Pulitzer created a series of prizes to recognize outstanding journalism in several categories. Harris believes this was well-received, as the prize remains the ultimate one within the industry today. He said the prize helps people notice “terrific reporting” they might otherwise miss.
Communications lecturer Mel Opotowsky was one of two professors to host the guest speaker last week and concurs about the prize’s lasting impact.
“Among journalists of all stripes, it is still No. 1, the gold standard,” Opotowsky said.
The prizes are arranged into 21 categories, but only the public service award is accompanied by the gold medal. Public service also stands alone as a category in which the entire publication is awarded, not the individual reporters. Winning stories are usually in-depth or investigative reporting and “courage is an underpinning for a lot of these awards,” Harris said.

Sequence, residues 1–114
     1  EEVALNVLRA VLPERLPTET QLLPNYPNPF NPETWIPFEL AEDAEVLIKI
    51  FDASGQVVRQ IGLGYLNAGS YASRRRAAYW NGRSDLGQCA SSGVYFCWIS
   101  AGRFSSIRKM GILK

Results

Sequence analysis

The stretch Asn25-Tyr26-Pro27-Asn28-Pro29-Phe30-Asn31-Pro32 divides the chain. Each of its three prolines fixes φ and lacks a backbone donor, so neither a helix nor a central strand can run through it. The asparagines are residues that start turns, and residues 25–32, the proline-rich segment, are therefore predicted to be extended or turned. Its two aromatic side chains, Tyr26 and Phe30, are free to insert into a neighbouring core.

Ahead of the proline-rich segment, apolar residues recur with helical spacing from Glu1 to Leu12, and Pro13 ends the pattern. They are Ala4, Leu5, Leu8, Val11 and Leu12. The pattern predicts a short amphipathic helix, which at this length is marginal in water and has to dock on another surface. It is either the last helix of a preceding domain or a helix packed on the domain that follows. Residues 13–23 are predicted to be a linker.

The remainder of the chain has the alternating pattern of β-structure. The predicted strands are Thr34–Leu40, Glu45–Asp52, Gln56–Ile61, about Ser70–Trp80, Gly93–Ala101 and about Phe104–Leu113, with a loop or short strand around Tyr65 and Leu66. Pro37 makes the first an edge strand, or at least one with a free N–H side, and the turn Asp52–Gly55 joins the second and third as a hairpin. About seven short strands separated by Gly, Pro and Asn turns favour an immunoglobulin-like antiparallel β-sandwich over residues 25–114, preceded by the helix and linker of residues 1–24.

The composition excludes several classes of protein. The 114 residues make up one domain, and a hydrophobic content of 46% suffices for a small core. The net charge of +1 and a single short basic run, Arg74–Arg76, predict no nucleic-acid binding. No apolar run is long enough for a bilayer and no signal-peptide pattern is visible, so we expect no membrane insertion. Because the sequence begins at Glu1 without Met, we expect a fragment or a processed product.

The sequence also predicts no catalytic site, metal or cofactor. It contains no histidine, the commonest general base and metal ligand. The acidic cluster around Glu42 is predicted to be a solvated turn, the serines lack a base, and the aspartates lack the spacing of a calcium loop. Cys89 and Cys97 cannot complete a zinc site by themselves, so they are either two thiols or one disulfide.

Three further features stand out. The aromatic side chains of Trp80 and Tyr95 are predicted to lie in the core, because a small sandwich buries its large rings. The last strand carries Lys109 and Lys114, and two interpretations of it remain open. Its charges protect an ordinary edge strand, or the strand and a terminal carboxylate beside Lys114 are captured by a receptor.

“‘Pulitzer’s Gold’ is the first book to trace the 92-year history of the coveted Pulitzer Prize for public service,” Harris informed communications students during his speech. “It celebrates America’s top public service reporting over the past nine decades.”
The task was not a small one, and Harris didn’t downplay the responsibility of it.
“It’s a huge undertaking, and I don’t take it lightly,” the author said of the book-writing process, but added that it was “very, very rewarding.”
Harris went to work on his book in 2002 after he returned to St. Louis on what would have been his father’s hundredth birthday, where he spoke of the five Pulitzers won by the Post-Dispatch.
After researching the five awards the Post-Dispatch has won in its history, Harris decided to delve further into his research and write about other influential pieces.
“I cherry-picked the public service stories I thought best represented how journalism was changing,” Harris explained to students how he structured his book.